Early that next morning while my father was working, we grabbed two of his ceramic piggy banks from his closet, and left through the back sliding door in my father’s apartment. My father thought we were waiting to be picked up for school the whole time. Jordan knew the bus routes very well. We arrived in downtown San Diego, from Golden Hills. We went to a McDonald’s near the train station. My brother had ordered us some food, and we stayed inside of the playhouse the whole time. Inside, we broke the piggy banks open, and counted about three hundred dollars. The next day came, we waited till people came in, and there were other kids in the playhouse. Soon after, we left to get on the train. While we were waiting for the train to leave, we kept looking out of the window, hoping our father wouldn’t catch us, or the police. Finally, the train started moving; my brother asked a lady sitting across from us if we could use her phone to make a phone call. She politely said, of course. Jordan got in contact with our mother and told her we’re on the train, and not to tell our father yet. About 9 hours later, we’re in Moorpark California, where my mother was waiting for us. My mother called my father after we arrived and told him we’re with her.
My father said he had put up a picture of my brother all around Golden Hills, and Downtown San Diego. He didn’t have a recent picture of me, so my brother was his only chance of finding us. About a week and a half later, we’re all going to mediation. We were all in one room; my mother, me, Jordan, my father, Pam my father’s girlfriend, and my grandparents. All except my grandparents and pam were separately taken in a room for questions. The judge asked me very personal things, and I didn’t answer any of them except when she asked me why I don’t want to stay with my father. I answered by telling her, he’s not my mother. She then asked me why I want to stay with my mom; I said she’s always taken care of me, and no matter what we go through, she always took care of the problem, fed us, clothed us, put a roof over our heads and always made time for us. She taught me many things that’ll become of use when I’m older as well. She even warmed our socks every morning before school by the fireplace. As I’m feeling safer talking about my mom, I mentioned how I don’t like living with just men, I’m a girl and need my mother. I once told my father, my brother had peed all over the toilet seat, and he told me to clean it up. I did of course, then I stepped out of the restroom and my father went in and did the same exact thing. I told her I just can’t stand him. When I was in fifth grade and saw girls putting on their cherry or watermelon chap stick; I wanted one and I bought one. My father saw my lips were a little pink, he snatched my chap stick out of my hand and made me go upstairs to wash it off; he told me because he doesn’t want me to grow up to be a “hoochie.” He treats me like a maid, and a dumb little kid. Every mess made by any man in that house; I had to pick up after. I felt uncomfortable cleaning in front of grown men, like my father’s workers. Finally, it was time to leave. My father’s lawyer tried to tell us we need to go back with our father, and the crying started. I went to the restroom with my mother and asked what to do. She said she would figure something out.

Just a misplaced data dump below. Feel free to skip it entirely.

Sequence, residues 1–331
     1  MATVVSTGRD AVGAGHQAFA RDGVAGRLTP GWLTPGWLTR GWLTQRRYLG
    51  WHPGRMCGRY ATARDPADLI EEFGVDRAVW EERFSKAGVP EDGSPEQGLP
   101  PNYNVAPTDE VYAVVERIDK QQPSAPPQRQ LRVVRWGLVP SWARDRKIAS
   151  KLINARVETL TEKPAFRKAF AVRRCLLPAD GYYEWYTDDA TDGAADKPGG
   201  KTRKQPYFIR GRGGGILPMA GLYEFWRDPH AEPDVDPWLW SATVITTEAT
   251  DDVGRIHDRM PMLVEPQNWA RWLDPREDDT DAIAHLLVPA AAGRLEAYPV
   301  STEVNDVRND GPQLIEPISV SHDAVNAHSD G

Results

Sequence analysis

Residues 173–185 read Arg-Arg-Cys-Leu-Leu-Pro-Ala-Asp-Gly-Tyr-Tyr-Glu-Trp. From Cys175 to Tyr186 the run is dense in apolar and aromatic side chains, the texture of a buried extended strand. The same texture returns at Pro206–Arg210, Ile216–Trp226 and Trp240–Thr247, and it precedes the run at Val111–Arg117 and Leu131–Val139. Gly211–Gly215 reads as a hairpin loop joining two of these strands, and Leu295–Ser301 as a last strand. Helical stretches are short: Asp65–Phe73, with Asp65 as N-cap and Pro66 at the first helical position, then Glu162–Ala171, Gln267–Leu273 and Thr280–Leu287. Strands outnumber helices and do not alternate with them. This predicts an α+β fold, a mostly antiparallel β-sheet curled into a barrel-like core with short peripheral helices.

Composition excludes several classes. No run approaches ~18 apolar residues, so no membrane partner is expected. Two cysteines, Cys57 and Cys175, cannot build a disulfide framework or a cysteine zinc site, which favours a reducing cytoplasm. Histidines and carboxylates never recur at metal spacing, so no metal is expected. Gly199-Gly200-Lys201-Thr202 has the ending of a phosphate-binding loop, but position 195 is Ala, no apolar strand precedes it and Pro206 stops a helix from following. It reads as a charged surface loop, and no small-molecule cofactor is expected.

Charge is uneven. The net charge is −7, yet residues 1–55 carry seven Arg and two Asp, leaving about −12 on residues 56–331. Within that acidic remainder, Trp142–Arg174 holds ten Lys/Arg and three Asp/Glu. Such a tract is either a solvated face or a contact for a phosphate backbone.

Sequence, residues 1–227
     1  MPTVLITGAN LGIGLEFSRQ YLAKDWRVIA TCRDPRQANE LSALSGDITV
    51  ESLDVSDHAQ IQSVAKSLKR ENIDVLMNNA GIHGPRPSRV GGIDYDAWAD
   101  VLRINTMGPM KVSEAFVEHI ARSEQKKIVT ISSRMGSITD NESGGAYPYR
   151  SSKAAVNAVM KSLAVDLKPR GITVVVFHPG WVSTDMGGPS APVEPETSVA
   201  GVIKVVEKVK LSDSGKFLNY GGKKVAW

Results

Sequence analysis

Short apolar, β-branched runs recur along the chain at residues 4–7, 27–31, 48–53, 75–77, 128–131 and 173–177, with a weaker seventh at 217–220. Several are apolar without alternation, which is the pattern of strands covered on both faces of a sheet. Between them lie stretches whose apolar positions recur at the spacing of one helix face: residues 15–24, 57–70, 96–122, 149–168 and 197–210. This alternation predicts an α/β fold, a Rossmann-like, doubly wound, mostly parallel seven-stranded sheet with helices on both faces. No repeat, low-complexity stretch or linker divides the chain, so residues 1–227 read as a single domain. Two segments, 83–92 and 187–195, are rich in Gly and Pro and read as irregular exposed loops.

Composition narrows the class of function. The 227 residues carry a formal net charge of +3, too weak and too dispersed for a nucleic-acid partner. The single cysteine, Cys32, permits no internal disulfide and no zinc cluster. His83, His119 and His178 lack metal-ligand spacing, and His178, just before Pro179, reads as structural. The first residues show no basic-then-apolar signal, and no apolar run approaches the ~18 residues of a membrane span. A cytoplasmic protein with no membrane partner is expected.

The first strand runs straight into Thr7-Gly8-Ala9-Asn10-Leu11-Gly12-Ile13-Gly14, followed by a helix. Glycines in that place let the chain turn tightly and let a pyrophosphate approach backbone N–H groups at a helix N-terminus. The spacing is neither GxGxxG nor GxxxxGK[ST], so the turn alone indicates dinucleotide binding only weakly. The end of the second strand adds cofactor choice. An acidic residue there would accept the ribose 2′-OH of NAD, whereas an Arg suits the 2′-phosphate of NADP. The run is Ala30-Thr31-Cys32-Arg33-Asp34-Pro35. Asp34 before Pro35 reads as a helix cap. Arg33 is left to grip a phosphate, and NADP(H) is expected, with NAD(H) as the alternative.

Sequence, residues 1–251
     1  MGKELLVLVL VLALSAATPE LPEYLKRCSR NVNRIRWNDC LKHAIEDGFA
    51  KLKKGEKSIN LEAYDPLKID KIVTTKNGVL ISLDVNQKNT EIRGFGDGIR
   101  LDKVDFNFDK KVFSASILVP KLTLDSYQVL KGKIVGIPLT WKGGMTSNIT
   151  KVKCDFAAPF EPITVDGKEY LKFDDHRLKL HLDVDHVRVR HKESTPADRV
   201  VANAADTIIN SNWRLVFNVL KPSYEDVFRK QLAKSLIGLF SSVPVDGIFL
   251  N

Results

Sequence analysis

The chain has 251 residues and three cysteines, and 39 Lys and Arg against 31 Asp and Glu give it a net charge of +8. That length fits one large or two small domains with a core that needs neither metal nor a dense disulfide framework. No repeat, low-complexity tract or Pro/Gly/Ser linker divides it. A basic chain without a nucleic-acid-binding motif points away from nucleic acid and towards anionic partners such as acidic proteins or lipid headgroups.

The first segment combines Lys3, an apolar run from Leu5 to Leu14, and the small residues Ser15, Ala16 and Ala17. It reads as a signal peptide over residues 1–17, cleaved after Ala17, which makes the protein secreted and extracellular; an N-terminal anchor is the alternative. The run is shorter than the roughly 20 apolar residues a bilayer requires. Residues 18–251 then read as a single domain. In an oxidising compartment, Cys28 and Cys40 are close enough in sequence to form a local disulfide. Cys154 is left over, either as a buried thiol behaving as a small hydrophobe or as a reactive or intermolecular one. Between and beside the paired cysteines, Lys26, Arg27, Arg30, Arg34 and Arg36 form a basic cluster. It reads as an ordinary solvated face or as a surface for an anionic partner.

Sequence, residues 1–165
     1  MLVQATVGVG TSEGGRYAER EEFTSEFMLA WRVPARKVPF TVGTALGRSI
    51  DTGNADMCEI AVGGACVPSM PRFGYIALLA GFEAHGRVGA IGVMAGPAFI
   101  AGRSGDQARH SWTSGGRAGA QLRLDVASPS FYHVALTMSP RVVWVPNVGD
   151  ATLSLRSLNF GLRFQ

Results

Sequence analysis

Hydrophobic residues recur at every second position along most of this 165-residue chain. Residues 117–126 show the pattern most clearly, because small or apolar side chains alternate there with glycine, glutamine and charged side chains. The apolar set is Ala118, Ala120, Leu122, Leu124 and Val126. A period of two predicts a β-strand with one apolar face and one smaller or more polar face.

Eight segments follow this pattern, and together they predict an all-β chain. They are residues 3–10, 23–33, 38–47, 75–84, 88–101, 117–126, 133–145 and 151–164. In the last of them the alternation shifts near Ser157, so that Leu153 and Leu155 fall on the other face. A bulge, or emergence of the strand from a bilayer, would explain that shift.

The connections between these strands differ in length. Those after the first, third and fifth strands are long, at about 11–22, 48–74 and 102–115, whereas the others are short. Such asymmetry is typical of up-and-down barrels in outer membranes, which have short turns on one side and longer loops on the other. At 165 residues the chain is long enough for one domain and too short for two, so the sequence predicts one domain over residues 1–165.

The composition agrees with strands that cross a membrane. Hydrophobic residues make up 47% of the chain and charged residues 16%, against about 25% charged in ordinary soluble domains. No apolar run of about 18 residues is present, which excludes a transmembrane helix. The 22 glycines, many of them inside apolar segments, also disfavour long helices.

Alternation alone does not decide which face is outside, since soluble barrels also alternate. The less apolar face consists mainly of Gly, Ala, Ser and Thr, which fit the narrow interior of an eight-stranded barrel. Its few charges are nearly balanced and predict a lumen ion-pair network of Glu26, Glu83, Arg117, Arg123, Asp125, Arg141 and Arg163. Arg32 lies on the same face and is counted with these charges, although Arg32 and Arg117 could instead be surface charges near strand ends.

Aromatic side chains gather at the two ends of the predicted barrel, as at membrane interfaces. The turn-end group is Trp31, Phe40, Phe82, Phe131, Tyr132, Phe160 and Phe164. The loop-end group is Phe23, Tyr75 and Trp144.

The next thing I know, a police officer is knocking on the bathroom door asking my mother what’s wrong. My mother told him; he said I’m going home with her today. He was very upset with my father, and his lawyer because he said my father has no right till the day of court. My mother won that case. She gained full custody with holiday visitation for my father. My relationship with my father after, was really hard for me. I felt hate toward him for a long time for doing this to us. Time went by, I started talking to him, but it felt hard to tell him I loved him after our conversations ended; which were fairly short. Now, I talk to him, and I try to get along because he’s getting older, and so am I. My brother; not so much, he’s been through a series of unfortunate events with that man. Today I am living with my mother in Fillmore California. She’s managed to buy a beautiful home, and does everything she can for us. Because of my mother, and what I have been through, and been told throughout my life; I’ve graduated from high school in the eleventh grade, I’m in college with no kids, and I’m a responsible young woman ready to take on the world. I couldn’t have done any of this without her.
Eng. V02 Dixon
Aug 10, 2014